In this morning's Minor League Recap for yesterday's games, TC member ATLnUNC posted a comment containing an article written by MiLB.com's Jake Seiner about José Peraza and Daniel Castro, who had big days at the plate yesterday for double-A Mississippi.
One particular snippet of the article caught my eye, as it mentioned a mechanical change for Peraza at the plate. Specifically, Mississippi hitting coach John Moses stated that he's doing some work with Peraza regarding the placement of his hands in his setup at the plate:
Hitting coach John Moses wanted to adjust Peraza’s hand positioning, sliding the second baseman’s hands further back in his setup to hopefully create a little more bat speed.
"He was setting up with his hands almost in the middle of his stomach, way forward," (Mississippi manager Aaron) Holbert said. "We moved his hands back in his regular setup, back a little bit, and that should help him really feel those hands when they’re moving back, getting them back behind the baseball."
When watching Peraza at the plate this season with Mississippi, and earlier in the season with advanced-A Lynchburg, his unconventional hand positioning in his setup is impossible to miss. Peraza keep his hands exceptionally low and forward in his setup, and essentially holds the bat vertically in front of his chest. Here's a view of Peraza at the plate from a typical TV angle:
Here's the same thing, viewed from a side angle.
This setup is a change from what Peraza did last season in low-A Rome, in which his hand positioning was much more conventional. He held his hands higher and further back, closer to his head. Here's another screenshot to help visualize the change.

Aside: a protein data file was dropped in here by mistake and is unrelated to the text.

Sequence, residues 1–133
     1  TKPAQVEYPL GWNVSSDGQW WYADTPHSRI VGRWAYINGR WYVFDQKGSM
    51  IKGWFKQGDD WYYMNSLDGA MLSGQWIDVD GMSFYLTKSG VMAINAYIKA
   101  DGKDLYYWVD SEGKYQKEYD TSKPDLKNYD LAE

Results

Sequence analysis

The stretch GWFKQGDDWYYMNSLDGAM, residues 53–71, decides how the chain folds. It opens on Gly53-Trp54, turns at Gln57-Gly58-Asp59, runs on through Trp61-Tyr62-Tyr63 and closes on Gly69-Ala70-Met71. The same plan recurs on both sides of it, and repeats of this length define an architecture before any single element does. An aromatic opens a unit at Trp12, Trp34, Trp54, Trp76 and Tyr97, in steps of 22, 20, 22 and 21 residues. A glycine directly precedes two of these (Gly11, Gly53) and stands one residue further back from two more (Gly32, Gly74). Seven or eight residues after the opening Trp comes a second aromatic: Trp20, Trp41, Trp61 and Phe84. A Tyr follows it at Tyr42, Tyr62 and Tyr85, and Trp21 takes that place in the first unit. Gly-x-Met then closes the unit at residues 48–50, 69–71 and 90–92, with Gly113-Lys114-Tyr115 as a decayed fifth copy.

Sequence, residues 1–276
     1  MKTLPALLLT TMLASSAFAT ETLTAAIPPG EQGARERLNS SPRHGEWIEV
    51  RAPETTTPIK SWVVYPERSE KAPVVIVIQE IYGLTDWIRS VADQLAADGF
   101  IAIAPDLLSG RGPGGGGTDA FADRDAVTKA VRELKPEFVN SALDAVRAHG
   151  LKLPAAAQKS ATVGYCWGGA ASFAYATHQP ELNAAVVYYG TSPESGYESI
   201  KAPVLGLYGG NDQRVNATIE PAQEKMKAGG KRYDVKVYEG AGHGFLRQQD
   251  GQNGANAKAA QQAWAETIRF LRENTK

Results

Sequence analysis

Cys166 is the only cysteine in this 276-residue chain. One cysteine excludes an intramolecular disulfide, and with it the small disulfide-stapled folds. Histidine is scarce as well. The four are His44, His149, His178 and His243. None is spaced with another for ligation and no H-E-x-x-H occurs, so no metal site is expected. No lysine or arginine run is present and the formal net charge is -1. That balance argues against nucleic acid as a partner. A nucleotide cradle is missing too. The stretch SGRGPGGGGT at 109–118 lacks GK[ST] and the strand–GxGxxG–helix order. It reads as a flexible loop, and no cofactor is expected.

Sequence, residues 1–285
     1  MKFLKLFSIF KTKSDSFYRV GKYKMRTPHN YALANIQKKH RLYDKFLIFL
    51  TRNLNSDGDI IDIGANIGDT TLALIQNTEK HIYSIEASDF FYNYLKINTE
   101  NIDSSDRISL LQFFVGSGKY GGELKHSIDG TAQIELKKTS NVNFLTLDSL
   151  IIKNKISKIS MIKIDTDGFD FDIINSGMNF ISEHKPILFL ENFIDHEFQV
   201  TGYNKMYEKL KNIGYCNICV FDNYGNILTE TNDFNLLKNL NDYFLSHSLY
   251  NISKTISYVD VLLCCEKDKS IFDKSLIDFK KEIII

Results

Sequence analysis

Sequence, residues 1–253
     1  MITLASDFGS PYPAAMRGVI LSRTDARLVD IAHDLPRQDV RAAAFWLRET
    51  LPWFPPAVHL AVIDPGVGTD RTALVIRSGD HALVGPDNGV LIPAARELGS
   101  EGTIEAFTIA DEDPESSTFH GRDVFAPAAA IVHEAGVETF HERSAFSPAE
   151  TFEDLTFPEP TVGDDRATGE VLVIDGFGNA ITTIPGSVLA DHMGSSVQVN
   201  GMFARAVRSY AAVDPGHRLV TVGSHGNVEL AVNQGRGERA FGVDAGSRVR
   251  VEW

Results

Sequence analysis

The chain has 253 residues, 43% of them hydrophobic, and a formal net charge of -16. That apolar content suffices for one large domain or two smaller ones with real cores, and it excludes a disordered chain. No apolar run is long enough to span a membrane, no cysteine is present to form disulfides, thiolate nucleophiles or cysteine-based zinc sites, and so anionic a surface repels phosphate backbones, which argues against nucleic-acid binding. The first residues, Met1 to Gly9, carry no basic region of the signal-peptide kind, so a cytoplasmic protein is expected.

Now, back to what Mississippi's hitting coach and manager said. When I read this quote, I was expecting to see Peraza's hands go further back and closer to what we saw at Rome last season. I was a little bit surprised to read this, as Peraza has torn up both levels he's played at this season, and has improved his offensive numbers from his stint at Rome, a much lower level of play, last season. Peraza's hand placement isn't something you see every day, but it seems to work for him. He doesn't have much raw power, and his game is more predicated on spraying line drives all over the field and letting his speed work to his advantage. His setup and minimal load at the plate don't lend themselves to hitting for power, but it works for what Peraza strives to do. Here's video of Peraza doing just that--he uses his quick hands to pull an inside fastball for a line drive triple.
When I went to look at video of Peraza last night, after his purported change, however, I didn't see much of a difference. I grabbed this image from MiLB.tv's broadcast of yesterday's M-Braves/Biscuits game.
There's only a very subtle difference between his setup last night and what he's done previously this season. The hands are tucked a bit further back, which I presume would allow him to get his hands a bit further back (as Holbert mentioned), and possibly allow his bat speed to tick up by getting some additional momentum generated by hands that have further to travel to the ball. Like I said, however, the difference seems quite minimal, and it shouldn't be anything that radically changes our projection of Peraza going forward.